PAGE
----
I know it’s tempting to create electable products, but it never works. All the tried and true warhorse successes (Nike, Starbucks, Apple… the NSA of marketing examples) didn’t accomplish market share until long after they accomplished becoming remarkable. If the founders had set out to get elected, they would have failed in creating much of anything.

Contrast this with the plight of the typical politician. To her, 45% market share is total failure. In my opinion, remarkable politicians (using the word non-judgmentally) like Hillary Clinton, Barack Obama, David Duke and John Ashcroft are unelectable.

Not because there aren’t some people who are passionate about them. Obviously, there are people who are quite passionate. And the media loves to feature politicians that generate passion on the cover of magazines. The challenge isn’t coming up with a remarkable story… the challenge for a politician is ensuring that the story is both authentic and appealing enough to spread to the majority.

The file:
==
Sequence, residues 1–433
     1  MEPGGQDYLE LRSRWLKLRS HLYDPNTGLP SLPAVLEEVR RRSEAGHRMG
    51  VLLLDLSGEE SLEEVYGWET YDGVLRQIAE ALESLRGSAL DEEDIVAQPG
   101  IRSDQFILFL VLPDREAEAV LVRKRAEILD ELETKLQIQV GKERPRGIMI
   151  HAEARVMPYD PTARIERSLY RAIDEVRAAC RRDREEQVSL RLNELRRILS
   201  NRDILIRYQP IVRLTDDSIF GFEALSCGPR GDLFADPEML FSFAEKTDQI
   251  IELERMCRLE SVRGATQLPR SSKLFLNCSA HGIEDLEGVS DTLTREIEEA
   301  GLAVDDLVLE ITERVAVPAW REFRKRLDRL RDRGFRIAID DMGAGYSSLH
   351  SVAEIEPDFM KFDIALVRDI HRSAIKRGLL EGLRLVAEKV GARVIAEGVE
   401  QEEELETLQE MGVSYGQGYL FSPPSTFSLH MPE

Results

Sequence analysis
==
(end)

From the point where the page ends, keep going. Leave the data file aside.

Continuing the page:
If I were a marketer, I’d forget about getting elected. I’d ignore the dissidents, even if they are in the majority. You don’t need the most popular blog, the consulting firm with every single company as a client or the flavor of ice cream that almost every single person loves. What you need instead is a passionate minority, a minority so passionate that they spread the word. Jackie and Ben call these people the 1% and they exist in just about every community.

If I were a politician (heaven forfend), I’d studiously ignore the 1%. The 1% are the fringe, and they don’t actually want you to get elected. They merely want you to make a point. I’d skip this group and pay attention to the next 3% of the population. These people still have passion but they also understand what it takes to get elected.

So, back to my original point: Who have you offended today? You’re not running for anything exept perhaps Mayor of the Edges.